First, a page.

Invasive Species Compendium

Detailed coverage of invasive species threatening livelihoods and the environment worldwide

Abstract

Tachinids as parasites of injurious insects.

Abstract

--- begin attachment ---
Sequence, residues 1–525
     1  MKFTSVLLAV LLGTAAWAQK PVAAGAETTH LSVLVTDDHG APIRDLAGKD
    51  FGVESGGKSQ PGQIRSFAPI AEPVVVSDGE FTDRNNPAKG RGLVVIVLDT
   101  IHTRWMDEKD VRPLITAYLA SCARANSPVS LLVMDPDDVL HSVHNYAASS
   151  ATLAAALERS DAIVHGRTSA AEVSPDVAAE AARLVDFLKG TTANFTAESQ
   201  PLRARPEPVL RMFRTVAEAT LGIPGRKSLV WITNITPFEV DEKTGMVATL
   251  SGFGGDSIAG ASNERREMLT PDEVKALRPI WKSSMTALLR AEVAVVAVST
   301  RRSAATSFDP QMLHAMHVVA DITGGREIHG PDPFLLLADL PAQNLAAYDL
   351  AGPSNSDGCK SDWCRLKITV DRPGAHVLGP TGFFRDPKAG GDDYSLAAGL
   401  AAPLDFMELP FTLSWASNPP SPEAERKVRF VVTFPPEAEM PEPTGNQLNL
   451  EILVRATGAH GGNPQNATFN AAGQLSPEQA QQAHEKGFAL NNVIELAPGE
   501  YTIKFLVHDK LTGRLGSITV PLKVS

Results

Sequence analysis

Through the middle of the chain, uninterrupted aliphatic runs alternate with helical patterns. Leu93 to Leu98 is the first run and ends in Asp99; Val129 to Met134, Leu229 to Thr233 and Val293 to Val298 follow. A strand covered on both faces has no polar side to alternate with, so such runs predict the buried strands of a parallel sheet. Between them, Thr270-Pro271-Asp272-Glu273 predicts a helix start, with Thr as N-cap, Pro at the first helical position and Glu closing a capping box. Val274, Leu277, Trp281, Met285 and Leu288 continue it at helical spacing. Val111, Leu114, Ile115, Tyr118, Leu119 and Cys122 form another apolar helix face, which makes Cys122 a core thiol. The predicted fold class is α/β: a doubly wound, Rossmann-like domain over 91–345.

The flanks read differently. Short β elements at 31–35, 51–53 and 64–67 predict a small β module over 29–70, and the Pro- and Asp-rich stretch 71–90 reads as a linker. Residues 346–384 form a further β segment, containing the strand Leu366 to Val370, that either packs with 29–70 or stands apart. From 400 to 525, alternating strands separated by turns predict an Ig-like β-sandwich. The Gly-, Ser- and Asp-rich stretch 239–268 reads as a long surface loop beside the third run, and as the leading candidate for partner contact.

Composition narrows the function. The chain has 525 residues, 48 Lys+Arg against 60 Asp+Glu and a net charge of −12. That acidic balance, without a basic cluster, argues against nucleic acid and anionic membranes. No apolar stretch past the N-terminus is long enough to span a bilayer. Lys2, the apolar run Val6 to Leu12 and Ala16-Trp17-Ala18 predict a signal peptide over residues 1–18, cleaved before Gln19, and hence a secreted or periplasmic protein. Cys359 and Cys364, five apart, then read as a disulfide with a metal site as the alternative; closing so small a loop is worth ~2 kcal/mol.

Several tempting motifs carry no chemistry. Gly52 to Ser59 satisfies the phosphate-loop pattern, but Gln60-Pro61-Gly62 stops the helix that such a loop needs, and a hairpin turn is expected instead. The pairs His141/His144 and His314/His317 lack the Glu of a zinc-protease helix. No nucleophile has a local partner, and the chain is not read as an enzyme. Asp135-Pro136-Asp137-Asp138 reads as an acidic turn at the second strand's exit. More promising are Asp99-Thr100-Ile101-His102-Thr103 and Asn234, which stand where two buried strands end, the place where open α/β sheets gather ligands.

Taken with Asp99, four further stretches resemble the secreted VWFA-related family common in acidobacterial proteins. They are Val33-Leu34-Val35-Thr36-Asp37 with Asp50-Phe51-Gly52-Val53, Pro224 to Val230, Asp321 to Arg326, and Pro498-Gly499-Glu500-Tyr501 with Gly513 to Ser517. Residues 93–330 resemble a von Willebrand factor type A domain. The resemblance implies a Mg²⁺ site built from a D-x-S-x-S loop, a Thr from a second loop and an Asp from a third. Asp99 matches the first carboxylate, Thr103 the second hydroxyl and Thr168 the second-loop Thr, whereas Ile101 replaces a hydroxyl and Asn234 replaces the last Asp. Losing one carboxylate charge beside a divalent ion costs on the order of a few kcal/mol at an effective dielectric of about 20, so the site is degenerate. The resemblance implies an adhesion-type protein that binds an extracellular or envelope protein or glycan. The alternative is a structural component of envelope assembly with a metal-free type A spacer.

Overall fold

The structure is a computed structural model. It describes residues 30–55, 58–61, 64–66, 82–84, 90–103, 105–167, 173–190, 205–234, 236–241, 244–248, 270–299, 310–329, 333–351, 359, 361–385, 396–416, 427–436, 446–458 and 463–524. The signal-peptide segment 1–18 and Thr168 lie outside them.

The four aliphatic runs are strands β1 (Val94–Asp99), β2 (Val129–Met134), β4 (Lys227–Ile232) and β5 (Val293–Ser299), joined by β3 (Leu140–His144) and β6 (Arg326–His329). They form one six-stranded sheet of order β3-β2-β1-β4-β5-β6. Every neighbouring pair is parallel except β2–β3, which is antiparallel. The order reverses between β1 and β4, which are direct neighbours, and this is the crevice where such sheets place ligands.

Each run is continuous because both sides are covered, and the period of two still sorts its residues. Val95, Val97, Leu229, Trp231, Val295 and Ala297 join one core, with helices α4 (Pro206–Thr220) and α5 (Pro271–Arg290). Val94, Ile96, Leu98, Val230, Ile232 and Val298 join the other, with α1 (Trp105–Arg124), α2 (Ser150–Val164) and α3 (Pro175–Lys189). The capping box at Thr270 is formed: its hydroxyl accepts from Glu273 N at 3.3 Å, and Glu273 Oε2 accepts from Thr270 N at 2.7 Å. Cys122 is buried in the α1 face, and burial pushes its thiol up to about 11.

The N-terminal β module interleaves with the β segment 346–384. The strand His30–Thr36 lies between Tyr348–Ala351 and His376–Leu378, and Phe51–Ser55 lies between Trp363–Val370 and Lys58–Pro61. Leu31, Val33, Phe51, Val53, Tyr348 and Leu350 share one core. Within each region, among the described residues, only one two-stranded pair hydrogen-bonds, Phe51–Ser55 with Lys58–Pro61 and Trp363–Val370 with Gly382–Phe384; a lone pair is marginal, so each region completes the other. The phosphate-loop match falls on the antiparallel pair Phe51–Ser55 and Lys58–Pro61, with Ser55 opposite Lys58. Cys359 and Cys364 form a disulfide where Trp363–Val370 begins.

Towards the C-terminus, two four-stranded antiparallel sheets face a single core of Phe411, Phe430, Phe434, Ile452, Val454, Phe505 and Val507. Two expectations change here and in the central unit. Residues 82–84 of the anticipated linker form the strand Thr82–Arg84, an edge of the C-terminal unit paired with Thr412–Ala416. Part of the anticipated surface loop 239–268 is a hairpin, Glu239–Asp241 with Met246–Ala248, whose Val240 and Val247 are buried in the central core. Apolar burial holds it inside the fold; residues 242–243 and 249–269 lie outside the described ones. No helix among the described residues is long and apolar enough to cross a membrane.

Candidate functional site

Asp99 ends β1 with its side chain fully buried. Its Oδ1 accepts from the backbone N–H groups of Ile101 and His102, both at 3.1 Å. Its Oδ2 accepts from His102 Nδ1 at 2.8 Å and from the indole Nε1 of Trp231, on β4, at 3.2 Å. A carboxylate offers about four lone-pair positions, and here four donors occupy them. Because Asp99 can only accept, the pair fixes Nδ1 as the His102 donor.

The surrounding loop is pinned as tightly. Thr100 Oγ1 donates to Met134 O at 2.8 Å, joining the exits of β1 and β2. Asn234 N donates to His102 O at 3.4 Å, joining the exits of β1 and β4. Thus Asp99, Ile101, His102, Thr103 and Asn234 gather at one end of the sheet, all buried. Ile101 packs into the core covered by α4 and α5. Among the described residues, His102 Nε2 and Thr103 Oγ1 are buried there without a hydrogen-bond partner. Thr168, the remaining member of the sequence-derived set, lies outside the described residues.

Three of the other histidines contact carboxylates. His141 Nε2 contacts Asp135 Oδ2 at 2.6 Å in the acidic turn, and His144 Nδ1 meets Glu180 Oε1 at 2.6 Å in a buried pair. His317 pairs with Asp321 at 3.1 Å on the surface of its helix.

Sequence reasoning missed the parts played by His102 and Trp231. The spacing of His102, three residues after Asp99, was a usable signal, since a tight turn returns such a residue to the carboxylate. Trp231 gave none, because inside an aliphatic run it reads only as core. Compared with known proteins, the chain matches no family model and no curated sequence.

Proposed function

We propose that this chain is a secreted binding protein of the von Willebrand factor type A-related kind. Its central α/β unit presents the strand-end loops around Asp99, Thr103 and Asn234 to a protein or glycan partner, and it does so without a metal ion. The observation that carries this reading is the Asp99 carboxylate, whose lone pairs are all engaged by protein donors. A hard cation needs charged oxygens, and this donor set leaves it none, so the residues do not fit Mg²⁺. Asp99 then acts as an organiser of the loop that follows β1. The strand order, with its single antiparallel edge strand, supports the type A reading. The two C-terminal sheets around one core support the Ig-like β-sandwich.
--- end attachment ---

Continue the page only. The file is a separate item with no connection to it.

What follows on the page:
This a general review of the biology of the family Tachinidae, which includes about 5000 species and is distributed throughout the world. They are parasitic on insects and myriapods and among insects, their hosts belong to many orders and families. Some species are host specific, such as Cyzenis albicans (Fall.), which is restricted to Operophtera spp., while others are polyphagous, like Compsilura concinnata (Mg.) which is known to parasitise 98 species of Lepidoptera in 5 families and 5 sawflies in 3. Their importance can be great, as in Hyperecteina aldrichi Mesnil, which destroys some 90% of the adults of Popillia japonica Newm. in outbreak years in northern Japan and Urophyllina ussuriensis (Rod.), which infests an average of 20-25% of other cockchafer adults in the Maritime Province of the Soviet Union. The adults require supplementary feeding after emergence, pair usually in the morning, one male fertilising several females, and the females oviposit between 4 days and 2-4 weeks later. According to the mode of oviposition, tachinids fall into two groups. One lays eggs on or in the host insect, and such species usually lay only few eggs (100-200/female). Examples are given. The larvae usually hatch in 2-7 days and enter their hosts. The other group lays eggs containing larvae ready to hatch near prospective hosts or on their food-plants, and the newly hatched larvae seek hosts by active movements or the eggs are swallowed by them in feeding. The larvae are planidium-like in some species of this group that seek hosts, while the eggs of those that are swallowed are very small. Again, examples are cited. The larvae of tachinids develop internally in their hosts, with few exceptions. They feed only on the haemolymph or fat-body cells in their early stages but later attack the internal organs by means of digestive enzymes. However, Phasiines feed only on haemolymph or fat cells and their hosts therefore survive after the larvae have left them, though their ovaries become completely reduced and death follows through exhaustion and bacterial infection. Breathing is via the body surface or the tracheae of the host. Pupation is usually among host remains or in the cocoon of the host or in the soil. Various stages overwinter.